And, if a first-line manager is busy doing the work, how can the manager delegate work and responsibility to someone else?

What’s a Reasonable Number of People to Manage?

As always with a juicy question like that, the answer is “It depends.” It depends on how mature the manager is and how mature the team is. If the first-line manager is learning how to be a manager, the manager needs to practice with fewer people. Why? The manager needs to learn how to not interfere. That’s difficult enough with three or four people. It’s close to impossible if a new manager has more people because the temptation to insert yourself into all decisions is impossible to resist.

If you’ve been a manager for a while and you know how to coach people and you’re comfortable being a manager, it’s OK to manage up to eight or nine people. Once you try to manage more than nine people, you start searching for time in your week to meet with people one on one. You have to delegate more to the people on your team. You can do it, but it’s more stressful for you and your team.

To me, more people says that it’s time to look at the configuration of the team and ask if it should look like something else. It’s time to delegate more responsibility to others.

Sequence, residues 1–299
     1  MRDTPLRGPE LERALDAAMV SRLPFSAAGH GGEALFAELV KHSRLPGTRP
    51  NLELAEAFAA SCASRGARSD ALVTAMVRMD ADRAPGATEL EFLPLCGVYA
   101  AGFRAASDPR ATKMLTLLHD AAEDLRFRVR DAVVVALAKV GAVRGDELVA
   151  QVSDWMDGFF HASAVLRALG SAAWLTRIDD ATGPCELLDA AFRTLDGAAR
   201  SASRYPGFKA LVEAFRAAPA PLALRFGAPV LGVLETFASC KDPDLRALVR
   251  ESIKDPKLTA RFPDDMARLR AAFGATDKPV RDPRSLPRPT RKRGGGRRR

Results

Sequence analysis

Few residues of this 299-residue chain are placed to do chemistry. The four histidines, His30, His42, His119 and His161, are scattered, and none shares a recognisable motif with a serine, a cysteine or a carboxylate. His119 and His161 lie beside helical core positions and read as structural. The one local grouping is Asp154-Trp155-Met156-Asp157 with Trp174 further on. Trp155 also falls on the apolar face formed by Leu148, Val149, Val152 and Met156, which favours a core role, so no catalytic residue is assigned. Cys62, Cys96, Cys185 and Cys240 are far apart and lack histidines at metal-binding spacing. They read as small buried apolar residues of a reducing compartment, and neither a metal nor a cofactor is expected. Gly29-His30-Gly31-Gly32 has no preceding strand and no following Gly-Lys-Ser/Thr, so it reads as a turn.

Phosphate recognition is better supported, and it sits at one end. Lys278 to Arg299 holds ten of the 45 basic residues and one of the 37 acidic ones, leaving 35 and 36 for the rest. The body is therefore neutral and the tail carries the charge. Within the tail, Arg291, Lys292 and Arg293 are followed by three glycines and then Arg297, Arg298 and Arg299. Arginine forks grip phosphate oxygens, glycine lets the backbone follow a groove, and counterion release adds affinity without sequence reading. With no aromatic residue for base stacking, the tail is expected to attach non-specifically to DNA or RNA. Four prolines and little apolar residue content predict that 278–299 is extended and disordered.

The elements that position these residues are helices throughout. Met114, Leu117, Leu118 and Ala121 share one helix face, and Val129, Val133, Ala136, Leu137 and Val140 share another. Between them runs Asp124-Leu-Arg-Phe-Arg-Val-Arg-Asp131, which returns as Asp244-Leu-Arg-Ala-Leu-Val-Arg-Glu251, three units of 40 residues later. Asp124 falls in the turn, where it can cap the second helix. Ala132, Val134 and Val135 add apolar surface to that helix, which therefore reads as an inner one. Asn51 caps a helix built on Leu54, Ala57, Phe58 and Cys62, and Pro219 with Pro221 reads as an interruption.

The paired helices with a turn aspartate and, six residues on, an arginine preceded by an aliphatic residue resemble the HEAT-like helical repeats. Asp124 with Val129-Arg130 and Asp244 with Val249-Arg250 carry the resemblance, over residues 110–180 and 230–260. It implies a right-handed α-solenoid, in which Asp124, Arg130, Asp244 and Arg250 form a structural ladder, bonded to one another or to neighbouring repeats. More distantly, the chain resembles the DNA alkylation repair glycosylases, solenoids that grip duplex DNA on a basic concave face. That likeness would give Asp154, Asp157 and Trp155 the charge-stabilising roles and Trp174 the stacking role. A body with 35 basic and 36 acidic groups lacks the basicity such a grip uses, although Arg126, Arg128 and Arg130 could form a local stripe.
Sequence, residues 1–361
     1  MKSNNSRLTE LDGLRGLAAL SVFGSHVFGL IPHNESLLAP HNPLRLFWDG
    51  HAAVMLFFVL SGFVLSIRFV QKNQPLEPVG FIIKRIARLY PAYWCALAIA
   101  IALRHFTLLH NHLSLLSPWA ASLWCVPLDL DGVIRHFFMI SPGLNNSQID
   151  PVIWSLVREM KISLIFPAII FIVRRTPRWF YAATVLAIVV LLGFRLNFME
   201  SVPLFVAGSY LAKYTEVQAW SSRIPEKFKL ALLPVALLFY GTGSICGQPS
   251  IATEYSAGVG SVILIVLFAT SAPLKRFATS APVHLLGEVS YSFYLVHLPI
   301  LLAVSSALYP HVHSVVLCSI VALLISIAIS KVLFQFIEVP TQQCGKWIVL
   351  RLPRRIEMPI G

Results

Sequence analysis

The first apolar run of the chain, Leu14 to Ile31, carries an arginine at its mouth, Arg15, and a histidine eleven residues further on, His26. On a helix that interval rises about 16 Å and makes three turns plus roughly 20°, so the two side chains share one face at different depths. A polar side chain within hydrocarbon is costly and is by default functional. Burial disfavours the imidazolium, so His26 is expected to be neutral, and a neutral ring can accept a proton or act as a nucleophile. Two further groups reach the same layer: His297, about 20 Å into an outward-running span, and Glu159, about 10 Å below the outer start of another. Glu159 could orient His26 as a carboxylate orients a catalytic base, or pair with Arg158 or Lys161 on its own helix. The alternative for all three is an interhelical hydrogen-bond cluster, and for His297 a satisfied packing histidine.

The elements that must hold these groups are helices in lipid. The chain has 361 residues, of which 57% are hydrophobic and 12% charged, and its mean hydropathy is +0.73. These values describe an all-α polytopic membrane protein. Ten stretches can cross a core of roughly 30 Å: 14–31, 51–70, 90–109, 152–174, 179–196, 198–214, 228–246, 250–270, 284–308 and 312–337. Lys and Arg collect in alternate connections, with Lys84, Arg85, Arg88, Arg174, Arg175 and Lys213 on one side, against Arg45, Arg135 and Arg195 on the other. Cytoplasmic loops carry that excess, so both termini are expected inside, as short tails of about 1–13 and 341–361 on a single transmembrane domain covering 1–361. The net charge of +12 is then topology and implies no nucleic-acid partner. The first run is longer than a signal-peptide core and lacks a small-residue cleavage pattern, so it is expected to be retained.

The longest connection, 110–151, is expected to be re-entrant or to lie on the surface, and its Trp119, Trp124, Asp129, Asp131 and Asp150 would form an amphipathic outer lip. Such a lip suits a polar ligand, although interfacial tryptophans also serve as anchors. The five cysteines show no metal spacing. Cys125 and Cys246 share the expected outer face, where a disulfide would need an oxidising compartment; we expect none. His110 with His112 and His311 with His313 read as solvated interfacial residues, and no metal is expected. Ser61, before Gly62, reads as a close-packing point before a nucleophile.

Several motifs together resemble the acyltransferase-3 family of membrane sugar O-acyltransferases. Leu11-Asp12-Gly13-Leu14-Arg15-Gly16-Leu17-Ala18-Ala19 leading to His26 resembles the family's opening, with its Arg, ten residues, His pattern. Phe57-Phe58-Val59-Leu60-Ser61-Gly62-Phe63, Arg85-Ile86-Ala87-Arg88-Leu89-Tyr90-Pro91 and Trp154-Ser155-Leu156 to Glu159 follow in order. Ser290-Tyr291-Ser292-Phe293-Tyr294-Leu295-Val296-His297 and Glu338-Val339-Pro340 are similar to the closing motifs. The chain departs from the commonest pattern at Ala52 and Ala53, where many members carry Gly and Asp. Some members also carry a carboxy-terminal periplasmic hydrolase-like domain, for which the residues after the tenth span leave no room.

People Want to Learn

I meet many people looking for new jobs, many of them young in their careers. Quite a few say, “I’m ready for more responsibility. I want more challenge. But there’s nowhere to go. My manager won’t let me learn. My manager keeps my under his thumb.”

Maybe one of the problems with managers learning to delegate is that their managers think they must manage a gazillion people and still maintain their technical skills.

Whether you manage three people or thirty-three people, remember this: People deserve a chance to grow and learn. One of your jobs as a manager is to facilitate their learning.

You Are Not the Sole Source of Knowledge

Many first-line managers see themselves as the expert, as the sole source of knowledge for their group. You may have started as the expert. However, as soon as you become a manager, you want to start moving out of that expert’s seat—and you don’t want to move anyone else into it.

Spread the expertise love. Ask people to work together. This is easy on an agile team, where people are likely to pair or swarm on features. If you don’t have an agile team, ask who is interested in acquiring new knowledge. Remember, unless you have a toxic environment, people want to learn new skills. If no one wants to learn what you know, that is information for you. Maybe your expertise is outdated, or the workplace is hostile, or people are already looking for other jobs. Use your one-on-ones to determine what’s going on.

Build Trusting Relationships With Your Team

Your management position, first-line or not, is about building trusting relationships. If you start managing more than nine people, you are in danger of not being able to build those relationships.

While this affects first-line managers more than it affects more senior managers, it’s a management problem. It requires problem solving and leadership. And that’s what management is for, right?